Q: The government is finding itself between a rock and hard place in delivering its promises to Kenyans as almost all its major programmes have been stopped by courts. Can there be an amicable way to resolve this impasse?

A: The government is not perturbed by court decisions stopping its transformative agenda because Kenyans elected it to change their lives. When the president took his oath of office, he swore to protect the constitution and follow the rule of law, however, the government cannot accept whatsoever for people to misuse the freedoms enshrined in the constitution to stop frustrate implementation of any project the government is implementing.

There should be a balance and understanding because it is also a constitutional right for Kenyans to own decent homes and receive health care. When you stop the government from delivering these then you are also interfering with the rights of Kenyans. The government has been committed to what the courts are saying because we are following the due processes such as calling of public participation forums because we are not going to stop implementing promises the government gave Kenyans.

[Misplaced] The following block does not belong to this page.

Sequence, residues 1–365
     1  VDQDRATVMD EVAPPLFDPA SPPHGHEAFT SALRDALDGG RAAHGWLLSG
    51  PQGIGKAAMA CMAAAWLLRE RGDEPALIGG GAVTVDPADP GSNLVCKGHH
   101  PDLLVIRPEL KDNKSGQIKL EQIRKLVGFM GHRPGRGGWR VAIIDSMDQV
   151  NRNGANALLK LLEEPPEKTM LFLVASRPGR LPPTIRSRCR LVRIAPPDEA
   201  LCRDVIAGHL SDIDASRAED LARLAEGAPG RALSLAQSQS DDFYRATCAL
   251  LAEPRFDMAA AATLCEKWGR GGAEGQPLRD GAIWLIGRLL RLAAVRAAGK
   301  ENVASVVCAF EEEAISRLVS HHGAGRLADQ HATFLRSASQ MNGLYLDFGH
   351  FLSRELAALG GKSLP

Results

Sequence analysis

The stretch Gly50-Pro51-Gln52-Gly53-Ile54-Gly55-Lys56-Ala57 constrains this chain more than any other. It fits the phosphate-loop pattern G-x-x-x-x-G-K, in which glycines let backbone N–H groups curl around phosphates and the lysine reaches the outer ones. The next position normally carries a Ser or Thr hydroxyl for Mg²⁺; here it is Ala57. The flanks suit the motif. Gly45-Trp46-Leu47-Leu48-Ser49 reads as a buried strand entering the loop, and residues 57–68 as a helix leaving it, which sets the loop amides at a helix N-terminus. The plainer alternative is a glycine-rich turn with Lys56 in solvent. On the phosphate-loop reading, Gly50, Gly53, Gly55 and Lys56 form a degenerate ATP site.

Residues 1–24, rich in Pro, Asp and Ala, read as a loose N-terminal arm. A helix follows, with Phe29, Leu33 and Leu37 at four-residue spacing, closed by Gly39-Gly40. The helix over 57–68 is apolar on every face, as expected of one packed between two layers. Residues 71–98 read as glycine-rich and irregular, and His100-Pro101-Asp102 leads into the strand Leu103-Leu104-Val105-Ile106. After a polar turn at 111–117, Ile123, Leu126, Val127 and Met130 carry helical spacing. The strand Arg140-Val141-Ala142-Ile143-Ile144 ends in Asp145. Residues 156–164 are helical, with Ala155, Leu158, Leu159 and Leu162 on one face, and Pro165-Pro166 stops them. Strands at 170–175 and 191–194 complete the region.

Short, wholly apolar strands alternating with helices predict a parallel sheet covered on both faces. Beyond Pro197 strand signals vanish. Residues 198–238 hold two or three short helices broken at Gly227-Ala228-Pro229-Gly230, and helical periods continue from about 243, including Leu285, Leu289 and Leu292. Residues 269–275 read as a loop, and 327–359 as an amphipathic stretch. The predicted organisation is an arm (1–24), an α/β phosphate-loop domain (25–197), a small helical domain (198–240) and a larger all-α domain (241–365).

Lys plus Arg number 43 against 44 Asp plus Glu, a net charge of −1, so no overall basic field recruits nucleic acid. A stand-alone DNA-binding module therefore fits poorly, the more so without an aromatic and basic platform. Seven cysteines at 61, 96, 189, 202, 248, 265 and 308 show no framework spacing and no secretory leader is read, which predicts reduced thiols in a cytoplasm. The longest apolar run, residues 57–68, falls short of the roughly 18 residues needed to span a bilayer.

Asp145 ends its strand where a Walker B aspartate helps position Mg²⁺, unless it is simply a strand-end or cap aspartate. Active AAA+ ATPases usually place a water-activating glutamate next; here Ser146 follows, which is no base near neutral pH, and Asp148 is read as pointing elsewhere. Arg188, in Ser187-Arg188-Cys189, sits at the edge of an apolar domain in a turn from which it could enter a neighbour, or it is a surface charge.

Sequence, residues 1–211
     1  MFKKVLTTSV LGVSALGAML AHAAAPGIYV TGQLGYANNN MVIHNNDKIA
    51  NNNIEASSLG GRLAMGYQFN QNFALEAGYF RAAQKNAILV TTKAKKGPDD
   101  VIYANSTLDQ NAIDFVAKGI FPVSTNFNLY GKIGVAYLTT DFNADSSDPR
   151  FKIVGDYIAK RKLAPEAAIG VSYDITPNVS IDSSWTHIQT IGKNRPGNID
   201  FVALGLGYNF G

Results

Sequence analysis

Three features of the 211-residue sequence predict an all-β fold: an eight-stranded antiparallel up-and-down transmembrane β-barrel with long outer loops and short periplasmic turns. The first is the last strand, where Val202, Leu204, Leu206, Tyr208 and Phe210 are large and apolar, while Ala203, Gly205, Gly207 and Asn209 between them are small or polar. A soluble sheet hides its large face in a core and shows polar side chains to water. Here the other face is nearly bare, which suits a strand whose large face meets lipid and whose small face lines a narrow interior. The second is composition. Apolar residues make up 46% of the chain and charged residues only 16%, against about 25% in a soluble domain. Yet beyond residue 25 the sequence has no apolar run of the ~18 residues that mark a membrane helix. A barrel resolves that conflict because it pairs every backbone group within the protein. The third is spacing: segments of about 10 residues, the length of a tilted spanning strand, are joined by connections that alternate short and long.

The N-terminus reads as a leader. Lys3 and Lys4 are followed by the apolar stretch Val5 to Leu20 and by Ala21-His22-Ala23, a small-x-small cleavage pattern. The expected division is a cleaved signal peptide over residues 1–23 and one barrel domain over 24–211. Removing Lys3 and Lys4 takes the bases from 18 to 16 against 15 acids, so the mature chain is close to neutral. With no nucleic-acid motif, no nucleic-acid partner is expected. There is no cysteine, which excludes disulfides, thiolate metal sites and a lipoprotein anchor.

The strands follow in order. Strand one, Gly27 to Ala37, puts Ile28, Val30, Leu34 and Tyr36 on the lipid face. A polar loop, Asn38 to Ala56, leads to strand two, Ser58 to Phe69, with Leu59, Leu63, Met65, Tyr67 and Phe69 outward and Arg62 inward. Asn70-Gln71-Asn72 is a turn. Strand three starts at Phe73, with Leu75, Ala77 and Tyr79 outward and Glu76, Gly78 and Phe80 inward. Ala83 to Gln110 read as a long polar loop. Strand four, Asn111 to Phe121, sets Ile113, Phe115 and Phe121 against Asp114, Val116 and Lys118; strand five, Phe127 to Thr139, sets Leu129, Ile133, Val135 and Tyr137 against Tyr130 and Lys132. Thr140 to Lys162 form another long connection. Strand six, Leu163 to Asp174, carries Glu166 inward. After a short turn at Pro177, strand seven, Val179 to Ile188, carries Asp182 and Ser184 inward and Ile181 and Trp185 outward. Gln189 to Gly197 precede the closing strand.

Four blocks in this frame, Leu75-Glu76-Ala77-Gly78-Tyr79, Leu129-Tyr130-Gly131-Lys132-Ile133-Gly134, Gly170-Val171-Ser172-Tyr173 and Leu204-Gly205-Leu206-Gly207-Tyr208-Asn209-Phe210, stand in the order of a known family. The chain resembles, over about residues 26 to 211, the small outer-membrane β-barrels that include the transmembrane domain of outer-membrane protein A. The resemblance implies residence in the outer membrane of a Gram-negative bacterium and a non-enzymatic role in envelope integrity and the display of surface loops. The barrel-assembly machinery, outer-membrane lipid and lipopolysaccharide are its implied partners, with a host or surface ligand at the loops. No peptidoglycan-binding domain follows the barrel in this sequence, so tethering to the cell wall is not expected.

Q: Kenyans have lost lives through consumption of illegal brews and through gas explosions. Has the government failed to protect Kenyans against rogue or unscrupulous businesspersons?

A: Government officials have their responsibilities cut out because they are the face of the government where they are posted. I support the deputy president for pushing for recalling of the administration officials who did not act to prevent deaths of Kenyans who consumed the illegal alcohol in Kirinyaga County because we will not allow Kenyans to lose lives yet there are officials responsible to prevent such deaths.

More on Features


ADVERTISEMENT